Impulsivity, aggressiveness and personality evaluation in car drivers using STAXI, BIS-11 and TCI

La valutazione delle variabili impulsività, aggressività e personalità negli automobilisti mediante STAXI, BIS-11 e TCI

P. Moretti1, G. De Giorgio1, E. Lucenteforte2, L. Pauselli1, R. Quartesan1

1 Sezione di Psichiatria, Psicologia Clinica e Riabilitazione Psichiatrica, Dipartimento di Medicina Clinica e Sperimentale, Università di Perugia; 2 Dipartimento di Preclinica e Farmacologia Clinica "M. Aiazzi Mancini", Centro di Medicina Molecolare (CIMMBA), Università di Firenze


The present study investigates the differences in personality and perception and management of anger and impulsivity, between subjects that lost points on driving license and those did not, among members of the Automobile Club d’Italia.


Pamphlets, sent to 500 subjects, contained: a questionnaire investigating personal data and driving history, the Barratt Impulsiveness Scale-11 (BIS-11), the State and Trait Anger eXpression Inventory (STAXI) and the Temperament and Character Inventory (TCI). The BIS-11 investigates general impulsivity and other aspects like attentional, motor and nonplanning impulsivity. The STAXI gives information about experience, expression and control of anger. The TCI, informed on Cloninger’s temperament and character theory of personality, consists of seven scales: Novelty Seeking, Harm Avoidance, Reward Dependence, Persistence, Self-Directness, Cooperativeness and Self-Transcendence. The differences between the two groups (subjects with/without lost points in driving licence) were tested using t-Student test. To evaluate the association between the loss of points and the variables examined in the questionnaires, we calculated odds ratios using logistic regression models. We used simple Correlation to investigate the dependence between the several scales of different tests.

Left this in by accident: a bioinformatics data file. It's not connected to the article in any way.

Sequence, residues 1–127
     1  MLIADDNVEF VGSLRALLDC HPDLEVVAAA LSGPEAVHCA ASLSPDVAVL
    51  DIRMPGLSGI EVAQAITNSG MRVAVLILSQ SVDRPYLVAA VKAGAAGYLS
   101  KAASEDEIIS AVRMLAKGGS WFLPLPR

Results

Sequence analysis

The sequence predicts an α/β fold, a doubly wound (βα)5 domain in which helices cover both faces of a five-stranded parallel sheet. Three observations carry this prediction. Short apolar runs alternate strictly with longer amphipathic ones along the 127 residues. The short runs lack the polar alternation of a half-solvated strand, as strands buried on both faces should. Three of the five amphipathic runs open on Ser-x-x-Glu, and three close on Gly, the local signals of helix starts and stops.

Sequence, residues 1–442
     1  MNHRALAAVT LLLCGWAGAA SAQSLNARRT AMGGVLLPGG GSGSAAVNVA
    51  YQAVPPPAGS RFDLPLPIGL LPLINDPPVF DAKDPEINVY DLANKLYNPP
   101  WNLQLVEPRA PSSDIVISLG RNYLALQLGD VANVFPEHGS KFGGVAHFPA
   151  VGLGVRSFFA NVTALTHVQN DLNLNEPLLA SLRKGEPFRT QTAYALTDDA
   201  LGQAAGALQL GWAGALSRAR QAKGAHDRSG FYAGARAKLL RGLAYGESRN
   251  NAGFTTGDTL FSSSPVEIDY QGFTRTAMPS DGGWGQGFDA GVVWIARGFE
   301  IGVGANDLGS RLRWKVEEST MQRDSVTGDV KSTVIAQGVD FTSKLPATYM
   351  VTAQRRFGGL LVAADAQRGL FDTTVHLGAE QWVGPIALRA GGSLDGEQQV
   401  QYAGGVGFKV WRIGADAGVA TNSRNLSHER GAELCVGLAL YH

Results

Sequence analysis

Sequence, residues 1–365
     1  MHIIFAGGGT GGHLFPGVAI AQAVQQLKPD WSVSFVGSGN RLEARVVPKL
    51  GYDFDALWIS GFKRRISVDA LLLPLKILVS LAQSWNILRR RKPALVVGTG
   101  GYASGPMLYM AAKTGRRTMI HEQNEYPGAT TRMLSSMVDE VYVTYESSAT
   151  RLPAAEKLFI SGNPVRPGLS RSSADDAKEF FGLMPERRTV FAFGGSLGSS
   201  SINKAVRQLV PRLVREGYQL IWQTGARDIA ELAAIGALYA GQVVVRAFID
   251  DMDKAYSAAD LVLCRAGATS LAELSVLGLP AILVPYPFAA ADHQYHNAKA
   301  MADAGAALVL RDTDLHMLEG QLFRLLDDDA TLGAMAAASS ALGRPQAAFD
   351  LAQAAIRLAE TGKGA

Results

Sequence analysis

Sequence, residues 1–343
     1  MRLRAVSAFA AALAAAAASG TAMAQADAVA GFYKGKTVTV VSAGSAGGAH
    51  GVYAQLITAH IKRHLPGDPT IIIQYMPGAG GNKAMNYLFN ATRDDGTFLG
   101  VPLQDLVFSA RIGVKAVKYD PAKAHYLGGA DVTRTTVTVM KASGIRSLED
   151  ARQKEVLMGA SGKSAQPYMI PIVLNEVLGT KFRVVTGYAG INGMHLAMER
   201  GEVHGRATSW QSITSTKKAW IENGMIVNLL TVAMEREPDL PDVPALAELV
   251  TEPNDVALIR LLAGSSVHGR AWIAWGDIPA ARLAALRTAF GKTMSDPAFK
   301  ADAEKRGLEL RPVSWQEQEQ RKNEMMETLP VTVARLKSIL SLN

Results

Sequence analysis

112 pamphlets were sent back, 36 of which reported loss of points. No significant difference emerged between this two groups according to age, sex, education, loss of points, type of traffic violation, and years of driving. Simple correlation (Table I) demonstrates a wide dependence between the scales of different tests. The t-Student test indicated that the subjects that committed traffic offences has a lower mean in Harm Avoidance (13.83 vs. 16.72; p = 0.027), T-Anger (18.22 vs. 20.4; p = 0.062), and T-Anger/T (6.22 vs. 7.19; p = 0.061) than those not reporting any offence. These results have been confirmed by logistic regression (Table III). HA turned out to be a protection factor for the loss of points (OR = 0.062; p = 0.031).


No psychopathological aspect emerged from our analysis, but some temperamental profiles turned-out to influence traffic behavior. Harm Avoidance proved to be a protection factor, in other words people with high HA are less predisposed to engage in risky driving. New findings of this study, compared to current literature, are both the choice to investigate traffic violations rather than accidents, and the sample, which is not selected on the basis of committing violations nor by education; higher mean age (45.96) ensured appropriate integration and modulation of impulsivity and aggressiveness.

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